A lot of people suffer from the “FOMO” syndrome.
It’s a common ailment named for its main symptom: the fear of missing out. And now that bitcoin is the hottest financial craze, I’m afraid these FOMO sufferers might be extremely anxious that you’ll be proven a fool if you don’t invest in this virtual currency.
There’s no question the price of bitcoin has been skyrocketing: It’s up more than 1,000 percent since the beginning of the year.
With returns like that, no wonder so many people fear missing out. Who wouldn’t want to become a bitcoin millionaire?
But investing in bitcoin is speculation on steroids.
No, thank you. I’ll pass. I’d rather get my thrills watching the women on “The Real Housewives of Atlanta” pull at each other’s hair weaves.
The North American Securities Administrators Association warned investors three years ago about virtual currencies. This week, the association issued another warning about pitches that use cryptocurrencies as a way to lure investors into scams.
Investing in bitcoin is too risky for the average person, says Joseph P. Borg, the association’s president and the Alabama Securities Commission director.
As he speaks around the country, Borg asks folks if they’ve bought bitcoin. Then he asks where they got the money to invest, and some admit to having used a credit card or a home equity line of credit. These folks have put themselves in a perilous position.
Here’s what three certified financial planners — Mark DiGiovanni in Atlanta, Steven Podnos from Cocoa Beach and Robert Schmansky from Detroit — had to say when I asked them about virtual currency.
Q: What are you telling clients who are interested in investing in bitcoin?
DiGiovanni: “I would first have them tell me what bitcoin is, how and by whom it is created, and how its valuation is determined. If they can’t give complete answers to these questions, I would ask why they would ever risk money in something like that.”
Podnos: “I think this bitcoin investment scheme is insane. Presumed ‘scarcity’ and newness are attracting attention. The underlying ‘asset’ is both almost impossible to understand or to explain to anyone. A big red flag in my book.”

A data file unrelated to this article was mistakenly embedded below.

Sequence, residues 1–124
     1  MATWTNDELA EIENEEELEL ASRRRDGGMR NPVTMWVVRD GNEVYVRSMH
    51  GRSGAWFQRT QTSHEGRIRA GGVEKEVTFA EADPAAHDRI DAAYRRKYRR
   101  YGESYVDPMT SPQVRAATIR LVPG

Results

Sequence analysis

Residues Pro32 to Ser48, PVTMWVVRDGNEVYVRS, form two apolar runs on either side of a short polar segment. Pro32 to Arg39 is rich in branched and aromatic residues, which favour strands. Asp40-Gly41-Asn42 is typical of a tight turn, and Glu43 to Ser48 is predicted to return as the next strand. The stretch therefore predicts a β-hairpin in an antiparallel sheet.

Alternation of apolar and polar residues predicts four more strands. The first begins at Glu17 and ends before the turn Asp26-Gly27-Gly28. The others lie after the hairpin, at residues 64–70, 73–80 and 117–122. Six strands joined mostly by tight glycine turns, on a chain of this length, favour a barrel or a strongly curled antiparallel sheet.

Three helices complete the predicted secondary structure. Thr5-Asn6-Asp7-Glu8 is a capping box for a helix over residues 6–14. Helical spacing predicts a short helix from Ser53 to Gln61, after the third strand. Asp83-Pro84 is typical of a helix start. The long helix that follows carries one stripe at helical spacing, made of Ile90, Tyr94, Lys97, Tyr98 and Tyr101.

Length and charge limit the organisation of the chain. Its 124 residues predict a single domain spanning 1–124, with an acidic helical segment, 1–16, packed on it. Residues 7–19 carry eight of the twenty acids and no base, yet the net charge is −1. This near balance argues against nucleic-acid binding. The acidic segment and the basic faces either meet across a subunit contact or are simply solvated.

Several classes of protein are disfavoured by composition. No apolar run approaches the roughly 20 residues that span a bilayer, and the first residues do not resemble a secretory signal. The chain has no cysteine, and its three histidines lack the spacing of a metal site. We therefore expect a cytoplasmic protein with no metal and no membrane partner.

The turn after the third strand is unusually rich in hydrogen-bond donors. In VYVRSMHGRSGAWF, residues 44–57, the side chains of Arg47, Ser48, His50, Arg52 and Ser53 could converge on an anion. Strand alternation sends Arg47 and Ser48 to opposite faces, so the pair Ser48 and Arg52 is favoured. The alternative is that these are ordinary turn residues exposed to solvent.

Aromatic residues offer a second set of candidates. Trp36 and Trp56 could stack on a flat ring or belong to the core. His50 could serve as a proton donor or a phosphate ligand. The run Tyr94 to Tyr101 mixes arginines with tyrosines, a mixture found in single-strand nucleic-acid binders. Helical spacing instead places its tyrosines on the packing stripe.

Schmansky: “The most important thing to realize is this is not an investment, it’s a gamble. When we gamble, we risk total loss for the chance of a windfall. Think of bitcoin like you would a lottery ticket. You’ll be lucky if you get a few matching numbers and only lose a little, and there’s very little chance you will cash out with a windfall.”
Q: Who is the right bitcoin investor?
DiGiovanni: “Someone with way more money than sense.”
Podnos: “No one that is buying it at this point is counting on anything but having a ‘greater fool’ come along who will pay more for no reason other than attracting the next greater fool. I’ve had three calls inquiring about investing in bitcoin. I told them all that I was against it. One asked me to invest six figures in it anyway, and I said he’d have to do that himself.”
Schmansky: “Of all the conversations I’ve had with investors, those with money don’t see the value.”
Q: Should people borrow to invest in bitcoin?
DiGiovanni: “Borrowing money to invest in bitcoin is stupidity squared.”
Podnos: “They should not invest in bitcoin at all, much less borrow to do so.”
Schmansky: “Absolutely never borrow to buy bitcoin. While it may seem like a decent bet on its good days, it’s a bet that can flip where you owe the debt and have nothing of value to show for it.”
I’m not a financial planner. But I do have a lot of common sense. If you can afford to lose every penny you invest and not lose any sleep over the loss, do what you want. But if you have a regular job, a mortgage, kids to put through college, credit card debt, a pitiful emergency fund and a lackluster retirement account, don’t even think about buying bitcoin.
The currency may be virtual, but the investment risk is very real. Still have FOMO?
Contact Michelle Singletary c/o The Washington Post, 1150 15th St. N.W., Washington, DC 20071, or email firstname.lastname@example.org.